As a medical student in Germany, Stefan Feske studied two Turkish brothers born with severe combined immunodeficiency syndrome, or SCIDS, a rare, life-threatening genetic disease characterized by a seriously debilitated immune system. Because the boys' T cells could not take up calcium, their immune systems would not work. These siblings provided Feske and his collaborators with a unique opportunity to track down a key protein involved in this process by studying human cells in which it was already dysfunctional. "You cannot do this for every gene hunt," says Feske, now an assistant professor of pediatrics at Harvard Medical School.

That search ended recently with the discovery by Feske and his Harvard collaborators, Anjana Rao and Yousang Gwack, of Orai 1, a protein that may be part of the ion channel that admits calcium into T cells, a step required to set the body's immune response in motion. The group's endeavors, reported in the May 11 issue of Nature, represent several years of investigations that were part of a larger 20-year effort to track down this critical cog in immune functioning.

Because the pathway that this channel participates in has been conserved throughout evolution, fruit flies and humans still make and use many of the proteins involved in much the same way. Recognizing this similarity, Gwack, now a research associate in pathology at Harvard, developed a genetic screen in fruit flies that complemented Feske's patient studies. By expressing a key human protein in fruit fly cells, Gwack was able to search for the elusive calcium channel in the fly's smaller genome. His data, combined with a genetic analysis of the siblings' extended family, led the team to a single gene that was mutated in both patients. Gwack named the new protein encoded by the gene Orai 1, after the keeper of heaven's gate in Greek mythology.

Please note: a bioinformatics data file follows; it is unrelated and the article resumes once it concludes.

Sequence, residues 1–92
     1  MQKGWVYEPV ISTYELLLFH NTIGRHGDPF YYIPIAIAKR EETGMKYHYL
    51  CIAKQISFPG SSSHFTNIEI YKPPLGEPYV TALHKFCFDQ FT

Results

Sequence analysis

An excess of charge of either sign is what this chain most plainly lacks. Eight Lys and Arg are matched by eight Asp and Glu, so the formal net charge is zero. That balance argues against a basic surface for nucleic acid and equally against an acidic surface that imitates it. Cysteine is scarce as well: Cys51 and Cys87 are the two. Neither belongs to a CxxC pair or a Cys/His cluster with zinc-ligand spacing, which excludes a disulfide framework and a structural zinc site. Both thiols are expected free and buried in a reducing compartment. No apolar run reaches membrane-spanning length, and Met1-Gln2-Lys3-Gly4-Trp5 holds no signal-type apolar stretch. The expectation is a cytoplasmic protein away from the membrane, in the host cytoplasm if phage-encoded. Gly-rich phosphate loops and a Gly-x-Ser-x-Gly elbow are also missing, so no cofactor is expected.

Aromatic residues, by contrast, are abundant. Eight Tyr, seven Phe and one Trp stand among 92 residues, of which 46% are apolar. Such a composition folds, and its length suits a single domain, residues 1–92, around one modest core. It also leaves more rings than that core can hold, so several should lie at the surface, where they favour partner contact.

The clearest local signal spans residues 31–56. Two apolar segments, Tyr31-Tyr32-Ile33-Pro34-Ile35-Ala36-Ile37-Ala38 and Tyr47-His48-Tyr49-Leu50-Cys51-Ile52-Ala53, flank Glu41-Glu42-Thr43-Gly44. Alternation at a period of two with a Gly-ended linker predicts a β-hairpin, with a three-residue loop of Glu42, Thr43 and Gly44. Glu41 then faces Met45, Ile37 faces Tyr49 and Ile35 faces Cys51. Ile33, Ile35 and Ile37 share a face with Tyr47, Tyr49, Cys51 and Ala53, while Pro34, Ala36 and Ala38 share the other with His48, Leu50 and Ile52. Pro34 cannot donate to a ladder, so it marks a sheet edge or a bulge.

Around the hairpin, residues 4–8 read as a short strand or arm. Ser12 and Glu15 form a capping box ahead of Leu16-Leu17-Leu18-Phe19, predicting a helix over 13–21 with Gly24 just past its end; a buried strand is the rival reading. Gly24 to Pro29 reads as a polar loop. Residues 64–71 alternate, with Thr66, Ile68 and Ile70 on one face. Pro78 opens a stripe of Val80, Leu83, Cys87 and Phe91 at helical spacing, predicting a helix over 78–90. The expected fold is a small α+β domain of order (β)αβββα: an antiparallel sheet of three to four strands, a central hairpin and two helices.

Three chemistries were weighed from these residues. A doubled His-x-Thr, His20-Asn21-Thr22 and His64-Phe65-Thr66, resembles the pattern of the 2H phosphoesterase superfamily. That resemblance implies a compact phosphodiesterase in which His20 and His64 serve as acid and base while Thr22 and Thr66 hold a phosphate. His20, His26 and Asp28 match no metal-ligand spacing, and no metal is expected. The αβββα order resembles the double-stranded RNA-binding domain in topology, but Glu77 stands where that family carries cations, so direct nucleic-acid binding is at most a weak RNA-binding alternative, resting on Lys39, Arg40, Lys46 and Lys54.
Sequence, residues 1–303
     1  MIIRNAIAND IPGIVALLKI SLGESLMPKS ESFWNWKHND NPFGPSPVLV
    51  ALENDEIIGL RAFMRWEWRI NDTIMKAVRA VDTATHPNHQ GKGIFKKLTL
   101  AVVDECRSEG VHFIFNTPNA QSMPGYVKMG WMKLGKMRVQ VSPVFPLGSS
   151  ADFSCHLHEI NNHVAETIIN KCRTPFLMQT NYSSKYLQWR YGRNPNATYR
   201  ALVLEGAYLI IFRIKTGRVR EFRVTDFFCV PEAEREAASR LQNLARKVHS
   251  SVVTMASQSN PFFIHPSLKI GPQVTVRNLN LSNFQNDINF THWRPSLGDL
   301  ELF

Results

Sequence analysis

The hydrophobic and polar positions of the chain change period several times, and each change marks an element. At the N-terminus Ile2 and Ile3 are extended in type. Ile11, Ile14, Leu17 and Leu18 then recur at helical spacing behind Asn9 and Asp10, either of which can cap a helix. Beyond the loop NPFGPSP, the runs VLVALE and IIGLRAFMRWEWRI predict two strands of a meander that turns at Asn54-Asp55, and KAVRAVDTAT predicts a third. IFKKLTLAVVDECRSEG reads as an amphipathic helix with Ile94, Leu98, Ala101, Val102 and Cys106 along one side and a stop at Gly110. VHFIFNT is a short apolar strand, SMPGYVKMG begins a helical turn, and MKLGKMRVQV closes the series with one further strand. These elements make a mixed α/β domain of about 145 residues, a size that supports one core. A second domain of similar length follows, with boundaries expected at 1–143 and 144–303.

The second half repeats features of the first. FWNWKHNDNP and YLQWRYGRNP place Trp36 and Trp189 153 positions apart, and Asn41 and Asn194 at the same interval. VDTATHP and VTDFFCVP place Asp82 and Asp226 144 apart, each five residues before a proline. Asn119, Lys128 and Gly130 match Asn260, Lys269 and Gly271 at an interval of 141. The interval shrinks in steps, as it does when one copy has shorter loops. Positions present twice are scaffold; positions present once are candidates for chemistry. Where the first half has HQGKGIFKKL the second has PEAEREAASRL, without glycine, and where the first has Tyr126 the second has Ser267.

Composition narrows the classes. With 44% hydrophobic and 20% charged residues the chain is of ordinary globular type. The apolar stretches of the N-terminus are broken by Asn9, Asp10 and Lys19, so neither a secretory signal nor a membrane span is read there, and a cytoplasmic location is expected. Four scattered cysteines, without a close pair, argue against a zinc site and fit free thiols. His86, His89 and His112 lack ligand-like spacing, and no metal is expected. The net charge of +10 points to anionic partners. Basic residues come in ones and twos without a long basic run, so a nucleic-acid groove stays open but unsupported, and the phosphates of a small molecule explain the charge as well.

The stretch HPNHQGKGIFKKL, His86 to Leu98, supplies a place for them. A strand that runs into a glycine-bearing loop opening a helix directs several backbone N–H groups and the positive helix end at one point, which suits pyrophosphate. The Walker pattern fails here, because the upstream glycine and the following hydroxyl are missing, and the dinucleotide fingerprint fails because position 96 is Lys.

Ion channels facilitate the movement of specific molecules, such as calcium or potassium, into and out of cells. Because these proteins span the cell membrane, they make a particularly appealing target for finding new drugs. "The problem for most drugs is that they have to get into the cell," Feske says. Getting into a cell means getting past its membrane, something ion channels were made to accomplish.

Drug companies around the world have been searching for ion channels specific to the immune system, especially a particular calcium channel, whose genetic identity has evaded researchers for two decades. The discovery of Orai 1, which may be a subunit of the immune system's calcium channel, represents a major breakthrough in that initiative. "The impact is going to be huge," says Michael Xie, director of ion-channel research at Synta Pharmaceuticals in Lexington, Mass., which is developing drugs that interact with this calcium channel. "Inhibition of this immune channel could provide one of the most direct means of manipulating the immune response."

Because drugs that block this passageway would stifle the body's immune response, they could be useful in treating a variety of autoimmune disorders, such as allergies and rheumatoid arthritis, which occur when the body's immune system turns against itself. Scientists also hope further research on Orai 1 will lead to better drugs for preventing transplant rejection, which occurs when the immune system attacks a donor organ. Drugs that home in on this apparently immune-specific calcium channel could avoid side effects, such as kidney impairment and neurotoxicity, caused by other transplant drugs, which interact with molecules found in several types of cells.

Still, more work remains before scientists can be certain of the role that Orai 1 plays. It is possible, for example, that the newly discovered protein is not a component of the channel itself but rather a modulator, or key, that opens and closes the channel like a doorway. And even if Orai 1 turns out to be a channel protein, it may be only one of the components that makes up the channel. "It's not the end of the story," Gwack says. "But the whole field is getting very, very hot now."